On October 7, 2021, Governor Newsom enacted SB 331 to put up additional restrictions on employers offering severance agreements and settling claims alleging harassment, discrimination or retaliation based on purported violations of the Fair Employment and Housing Act.  The new law, which is effective January 1, 2022, expands California’s current legal restrictions against a settlement agreement preventing disclosure of information regarding sexual assault, sexual harassment, workplace harassment or discrimination based on sex, or retaliation against a person for reporting such acts.

The new law creates an unlawful employment practice against employers that prevent disclosure of information about unlawful acts of harassment, discrimination or retaliation in the workplace in severance agreements, rendering such agreements unenforceable and against California’s public policy.  Further, non-disparagement agreements must, effective 2022, include language relating to the employee’s right to disclose information about unlawful acts in the workplace substantially similar to: “Nothing in this agreement prevents you from discussing or disclosing information about unlawful acts in the workplace, such as harassment or discrimination or any other conduct that you have reason to believe is unlawful.”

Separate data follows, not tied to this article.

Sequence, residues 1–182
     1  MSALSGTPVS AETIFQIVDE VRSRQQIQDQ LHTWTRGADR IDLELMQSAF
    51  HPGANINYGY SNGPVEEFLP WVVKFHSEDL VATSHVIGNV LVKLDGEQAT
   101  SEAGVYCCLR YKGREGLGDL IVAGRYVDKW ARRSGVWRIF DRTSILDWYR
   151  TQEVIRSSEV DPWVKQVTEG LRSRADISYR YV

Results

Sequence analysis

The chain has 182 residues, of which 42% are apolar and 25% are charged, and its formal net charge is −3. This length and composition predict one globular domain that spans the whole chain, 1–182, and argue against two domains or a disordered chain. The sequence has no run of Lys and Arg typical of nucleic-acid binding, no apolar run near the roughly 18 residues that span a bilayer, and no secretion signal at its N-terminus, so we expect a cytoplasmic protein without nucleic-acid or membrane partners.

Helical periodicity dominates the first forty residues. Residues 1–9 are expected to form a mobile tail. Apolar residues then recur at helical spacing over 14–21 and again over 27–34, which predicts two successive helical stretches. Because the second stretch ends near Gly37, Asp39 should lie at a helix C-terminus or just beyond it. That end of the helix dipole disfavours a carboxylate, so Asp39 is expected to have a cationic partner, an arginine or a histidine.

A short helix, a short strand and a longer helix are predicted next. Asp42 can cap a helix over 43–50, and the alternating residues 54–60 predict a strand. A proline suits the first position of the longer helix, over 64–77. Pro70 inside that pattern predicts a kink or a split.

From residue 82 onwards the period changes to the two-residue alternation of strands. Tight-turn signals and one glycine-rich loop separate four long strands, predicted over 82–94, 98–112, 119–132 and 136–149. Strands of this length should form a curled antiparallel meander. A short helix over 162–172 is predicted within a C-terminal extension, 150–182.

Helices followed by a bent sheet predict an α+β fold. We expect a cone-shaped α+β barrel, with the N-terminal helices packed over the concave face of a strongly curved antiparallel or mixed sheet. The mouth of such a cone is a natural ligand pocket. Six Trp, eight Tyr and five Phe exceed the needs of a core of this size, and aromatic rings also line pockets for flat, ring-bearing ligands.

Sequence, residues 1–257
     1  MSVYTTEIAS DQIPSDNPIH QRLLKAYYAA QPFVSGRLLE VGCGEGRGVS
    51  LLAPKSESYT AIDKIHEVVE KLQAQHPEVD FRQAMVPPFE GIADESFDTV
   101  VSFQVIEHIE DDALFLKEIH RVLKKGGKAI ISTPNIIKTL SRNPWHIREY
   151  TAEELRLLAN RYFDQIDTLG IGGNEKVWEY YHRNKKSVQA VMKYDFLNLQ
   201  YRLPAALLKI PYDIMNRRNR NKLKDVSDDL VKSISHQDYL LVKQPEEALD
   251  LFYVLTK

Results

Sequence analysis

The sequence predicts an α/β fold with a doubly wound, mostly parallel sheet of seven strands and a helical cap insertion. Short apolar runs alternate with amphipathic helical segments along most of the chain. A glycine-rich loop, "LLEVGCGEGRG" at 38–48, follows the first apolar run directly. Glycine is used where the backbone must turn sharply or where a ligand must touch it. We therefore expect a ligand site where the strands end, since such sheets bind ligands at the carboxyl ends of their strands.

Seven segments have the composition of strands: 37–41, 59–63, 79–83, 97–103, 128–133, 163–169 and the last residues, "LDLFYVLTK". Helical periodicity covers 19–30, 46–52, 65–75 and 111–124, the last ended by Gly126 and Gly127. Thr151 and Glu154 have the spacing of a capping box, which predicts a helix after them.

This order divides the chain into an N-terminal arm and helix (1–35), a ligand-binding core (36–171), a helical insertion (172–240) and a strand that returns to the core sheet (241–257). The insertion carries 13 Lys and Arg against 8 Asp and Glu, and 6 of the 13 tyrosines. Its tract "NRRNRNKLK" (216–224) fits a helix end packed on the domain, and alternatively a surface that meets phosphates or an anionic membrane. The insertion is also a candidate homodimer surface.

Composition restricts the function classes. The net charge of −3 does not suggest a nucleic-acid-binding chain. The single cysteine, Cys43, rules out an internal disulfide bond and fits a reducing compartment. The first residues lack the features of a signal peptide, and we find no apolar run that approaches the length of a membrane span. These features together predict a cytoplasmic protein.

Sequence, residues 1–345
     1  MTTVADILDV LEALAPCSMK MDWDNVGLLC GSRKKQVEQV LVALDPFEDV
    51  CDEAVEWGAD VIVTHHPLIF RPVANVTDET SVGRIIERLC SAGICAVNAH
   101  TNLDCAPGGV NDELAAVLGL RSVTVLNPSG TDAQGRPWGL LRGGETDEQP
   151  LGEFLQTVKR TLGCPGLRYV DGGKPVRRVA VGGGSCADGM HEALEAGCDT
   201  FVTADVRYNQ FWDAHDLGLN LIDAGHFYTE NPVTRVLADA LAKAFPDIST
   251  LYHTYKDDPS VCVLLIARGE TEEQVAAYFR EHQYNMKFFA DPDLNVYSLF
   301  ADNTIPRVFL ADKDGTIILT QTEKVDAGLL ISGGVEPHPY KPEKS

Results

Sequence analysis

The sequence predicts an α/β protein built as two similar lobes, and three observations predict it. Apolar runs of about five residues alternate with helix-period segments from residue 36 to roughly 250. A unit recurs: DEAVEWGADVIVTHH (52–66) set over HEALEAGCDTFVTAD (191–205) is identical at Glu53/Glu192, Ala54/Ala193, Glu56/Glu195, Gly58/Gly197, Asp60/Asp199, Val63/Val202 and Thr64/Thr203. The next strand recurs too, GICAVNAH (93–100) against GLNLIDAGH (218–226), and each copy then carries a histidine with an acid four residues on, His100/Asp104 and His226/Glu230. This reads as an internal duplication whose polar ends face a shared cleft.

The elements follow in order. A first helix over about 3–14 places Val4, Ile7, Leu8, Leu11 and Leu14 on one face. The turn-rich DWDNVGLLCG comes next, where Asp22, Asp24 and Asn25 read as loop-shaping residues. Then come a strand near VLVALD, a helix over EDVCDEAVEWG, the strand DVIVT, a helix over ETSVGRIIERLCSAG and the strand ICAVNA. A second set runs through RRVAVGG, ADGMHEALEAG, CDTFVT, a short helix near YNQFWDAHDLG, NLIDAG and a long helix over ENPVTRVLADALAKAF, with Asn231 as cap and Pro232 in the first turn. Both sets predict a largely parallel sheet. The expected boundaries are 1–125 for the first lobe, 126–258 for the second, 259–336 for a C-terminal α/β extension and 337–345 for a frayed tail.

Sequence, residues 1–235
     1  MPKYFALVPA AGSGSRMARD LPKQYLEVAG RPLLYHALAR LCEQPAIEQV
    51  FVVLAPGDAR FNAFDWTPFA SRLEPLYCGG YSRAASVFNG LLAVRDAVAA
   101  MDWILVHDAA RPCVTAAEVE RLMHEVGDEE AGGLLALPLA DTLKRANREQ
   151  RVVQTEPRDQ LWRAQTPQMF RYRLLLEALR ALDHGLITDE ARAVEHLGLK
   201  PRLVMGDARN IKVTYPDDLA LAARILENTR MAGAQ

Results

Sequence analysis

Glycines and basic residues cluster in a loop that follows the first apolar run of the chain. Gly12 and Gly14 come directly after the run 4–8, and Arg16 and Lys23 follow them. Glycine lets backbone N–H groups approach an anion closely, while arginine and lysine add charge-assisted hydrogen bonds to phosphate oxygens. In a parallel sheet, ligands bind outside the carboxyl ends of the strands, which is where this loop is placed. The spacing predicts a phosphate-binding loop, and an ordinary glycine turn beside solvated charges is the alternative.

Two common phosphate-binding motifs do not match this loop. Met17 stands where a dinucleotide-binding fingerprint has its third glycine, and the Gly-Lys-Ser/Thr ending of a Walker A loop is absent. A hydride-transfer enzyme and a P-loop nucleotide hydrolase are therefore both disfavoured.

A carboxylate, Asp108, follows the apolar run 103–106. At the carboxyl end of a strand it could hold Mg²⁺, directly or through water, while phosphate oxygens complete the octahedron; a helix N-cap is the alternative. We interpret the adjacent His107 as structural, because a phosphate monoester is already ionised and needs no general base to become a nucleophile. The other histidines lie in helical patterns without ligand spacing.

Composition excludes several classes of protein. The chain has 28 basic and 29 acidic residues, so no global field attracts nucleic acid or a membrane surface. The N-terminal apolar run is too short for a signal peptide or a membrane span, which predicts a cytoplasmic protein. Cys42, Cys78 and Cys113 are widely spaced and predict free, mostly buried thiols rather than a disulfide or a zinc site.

While confidentiality of the settlement amount remains permitted, the amendment to Government Code section 12964.5 requires employers offering severance agreements with general releases to advise employees to consult with counsel and to provide a reasonable period of time, not less than five days, to do so.  Employees will have the right to sign a severance agreement in less than five days as long as the shortened period is knowing and voluntary and not induced by a threat to withdraw the offer in less than five days.